Monday, January 11, 2010
"Avatar": Some Thoughts
Well, I went. Took the lads and a friend while Nat and the Mau-Mau went swimming for a while. It had to happen, I suppose.
James Cameron's Avatar is at once an amazing accomplishment, and a depressing disappointment.
Technologically and visually, it's stunning. Nobody's ever achieved anything like this on film before. The realisation of the complex living world of Pandora is fabulous. For the filmgoer, even with those clunky glasses perched on your nose, the immersion is near-total. I laid out my money, I bought my popcorn, I gave up two hours and forty minutes of my life, and honestly, I really don't mind. The sheer spectacle, the gorgeous imagery, the vocabulary-challenging technical mastery of the work is just off the scale.
But I won't be going back to see it again. Natalie will go in a few weeks, and she'll go along with the friend who came today. He reckons he can sit through it again. I know I can't.
Yeah, I know. I've got a freaky memory. Natalie's currently watching ST:TNG episodes that I saw just once, some twenty years ago, damned late at night on dodgy televisions in various share-houses -- and I can still remember too much of the plotlines and the action and the dialogue to enjoy seeing them again.
But so what? I watch the director's cut of Blade Runner once a year at least. Same with The Princess Bride, and Casablanca. The original Star Wars, with my kids: yep. Raiders of the Lost Ark: check. I just bought Sauna on DVD, and I'm looking forward to seeing it again as soon as I can find somebody prepared to sit through it with me. And I watched Memento for the third time just a month ago.
So you see, I can sit through repeat showings of certain films, television, etc. Just... not when I'm watching poorly written B-grade stuff.
I'm sorry, by the way. Anybody out there who just loved the Avatar story: more power to you. I don't begrudge you your enjoyment, nor wish to curtail it. But me? Well, I've got a few things working against my ability to enjoy the film.
First is that I'm a writer, and the various plot turning points of Avatar were... umm... not subtle, shall we say. It was a by-the-numbers story with a very ordinary script. I saw it maybe six hours ago, and I can't actually remember a single quotable line. You know the kind of thing I mean - the clever or quirky bits of dialogue that linger in the memory long after the film. "Game over, man!" "I'll be back." "Nuke 'em from orbit: it's the only way to be sure." (Notice I stuck solely to James Cameron films there? I'm playing this game as fairly as I can.) For anyone with a real involvement in the craft of writing, the Avatar script is frankly horrible.
Second, I'm a science fiction fan of long standing. Been reading the stuff maybe thirty-five years now. And I have read a great deal in that time. Everything from Jules Verne through "Doc" Smith, through the Asimov/Heinlein/Clarke era on to the New Wave and beyond. I read SF for the same reasons I always have: it allows writers room to be imaginative, and creative, and thought-provoking in a way that most genres do not seem to match.
And... uhh... sorry. Avatar was not imaginative. It was creative, but only in a visual sense. And the only thoughts it provoked were those of disappointment and irritation. This is not a smart movie. This a big, shiny, woo-look-at-me crashy boomy sort of movie full of egregious stereotypes in place of characters, full of half-assed preaching instead of genuinely thought-provoking concepts, full of cheapjack, bullshit plot devices instead of ideas.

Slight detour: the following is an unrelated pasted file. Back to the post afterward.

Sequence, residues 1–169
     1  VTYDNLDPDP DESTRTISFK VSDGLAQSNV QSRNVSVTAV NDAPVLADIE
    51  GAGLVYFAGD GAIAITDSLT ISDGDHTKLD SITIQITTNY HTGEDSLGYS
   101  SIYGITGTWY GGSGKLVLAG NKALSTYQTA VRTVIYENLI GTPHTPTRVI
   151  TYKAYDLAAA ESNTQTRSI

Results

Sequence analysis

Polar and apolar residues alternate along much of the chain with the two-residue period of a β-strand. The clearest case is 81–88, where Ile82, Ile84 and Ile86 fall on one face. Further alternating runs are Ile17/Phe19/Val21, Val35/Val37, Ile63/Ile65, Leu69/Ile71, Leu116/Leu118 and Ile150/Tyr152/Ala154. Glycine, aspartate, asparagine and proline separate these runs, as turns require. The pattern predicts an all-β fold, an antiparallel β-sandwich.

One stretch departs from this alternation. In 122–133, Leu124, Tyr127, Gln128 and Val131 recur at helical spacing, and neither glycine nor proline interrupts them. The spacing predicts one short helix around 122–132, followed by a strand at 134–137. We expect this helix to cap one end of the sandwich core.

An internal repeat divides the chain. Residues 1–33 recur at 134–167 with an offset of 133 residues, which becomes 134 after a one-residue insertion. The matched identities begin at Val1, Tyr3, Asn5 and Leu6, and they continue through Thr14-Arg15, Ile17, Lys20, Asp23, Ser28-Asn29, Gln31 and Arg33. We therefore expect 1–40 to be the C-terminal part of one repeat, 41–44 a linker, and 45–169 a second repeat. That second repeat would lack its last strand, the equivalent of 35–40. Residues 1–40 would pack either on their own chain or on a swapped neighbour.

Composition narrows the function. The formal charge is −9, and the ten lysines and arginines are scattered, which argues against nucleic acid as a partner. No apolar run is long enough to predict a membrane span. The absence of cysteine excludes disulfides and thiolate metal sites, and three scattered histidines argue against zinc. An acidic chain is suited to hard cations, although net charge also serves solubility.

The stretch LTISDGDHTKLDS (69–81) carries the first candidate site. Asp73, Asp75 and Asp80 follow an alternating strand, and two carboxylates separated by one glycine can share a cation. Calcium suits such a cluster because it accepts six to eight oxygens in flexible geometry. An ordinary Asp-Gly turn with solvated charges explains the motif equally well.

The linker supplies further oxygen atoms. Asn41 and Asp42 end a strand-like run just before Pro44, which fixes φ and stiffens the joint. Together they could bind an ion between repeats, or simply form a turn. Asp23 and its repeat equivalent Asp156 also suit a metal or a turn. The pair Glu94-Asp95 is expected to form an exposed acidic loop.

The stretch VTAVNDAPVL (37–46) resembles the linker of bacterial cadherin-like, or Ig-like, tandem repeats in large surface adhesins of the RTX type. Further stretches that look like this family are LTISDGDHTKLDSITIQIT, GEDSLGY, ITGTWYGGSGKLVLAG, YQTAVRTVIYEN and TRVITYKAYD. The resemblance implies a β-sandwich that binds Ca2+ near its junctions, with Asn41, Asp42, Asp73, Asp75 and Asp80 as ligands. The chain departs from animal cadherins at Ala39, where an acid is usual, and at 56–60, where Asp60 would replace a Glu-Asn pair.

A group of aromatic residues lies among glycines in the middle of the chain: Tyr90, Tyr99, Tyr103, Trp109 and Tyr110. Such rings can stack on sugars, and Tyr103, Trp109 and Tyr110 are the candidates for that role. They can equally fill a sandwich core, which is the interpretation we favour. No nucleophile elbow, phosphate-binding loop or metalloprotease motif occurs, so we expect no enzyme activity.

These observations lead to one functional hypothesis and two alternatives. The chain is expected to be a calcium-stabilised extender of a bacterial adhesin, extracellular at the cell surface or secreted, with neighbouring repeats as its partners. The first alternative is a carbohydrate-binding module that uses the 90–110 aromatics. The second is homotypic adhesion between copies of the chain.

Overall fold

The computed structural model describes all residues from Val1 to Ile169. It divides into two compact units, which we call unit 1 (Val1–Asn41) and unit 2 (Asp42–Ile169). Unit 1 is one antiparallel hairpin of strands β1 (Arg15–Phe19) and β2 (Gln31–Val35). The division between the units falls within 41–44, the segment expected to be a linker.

Third: I'm widely read outside SF too. I've got a decent grounding in basic physics, chemistry, biology, evolutionary theory, and a bunch of other scientific fields. Not claiming expertise, no. Far from it. Just what I'd call "scientific literacy", you know? But even that much is enough to make me wince, time and again, at the slap-dash throwaway shit they tossed into that movie in place of science. I don't want to put in any spoilers, but I'd like to say first that "unobtainium" sucks the way even Disney's Black Hole didn't manage. And "flux vortexes" are the single worst piece of throwaway tech-talk crap since the Doctor first used his sonic screwdriver to reverse the polarity of the neutron flow.
This isn't a review. If it was, I would quietly, bitterly, and skilfully eviscerate the storytelling and the scripting of this film in such a way that you would never, ever see the movie without remembering, precisely and involuntarily, why it is a piece of dreck - and you would then curse me, quite reasonably. But as I said, this isn't a review. This is thought, and opinion, and I don't intend to go through the long, painstaking effort of justifying and reasoning out what it is I have to say.
There are just two reasons for this: first, because if you're the kind of person who's going to groove on the Avatar storyline, then you're unlikely to be reading this anyhow, and in any case, nothing I say is going to change your mind. But if you have a love of good storytelling, or good science fiction, or good scripting, you're going to hate that side of Avatar no matter what I say.
And the second reason is simple: the film is beautiful. No matter that it's dumb as a bag of badly broken coprolites. It is gorgeous, and technically unparalleled, and worth taking the time to see it on the big, shiny screen.
Just... don't ask more than that, and you'll have a great time.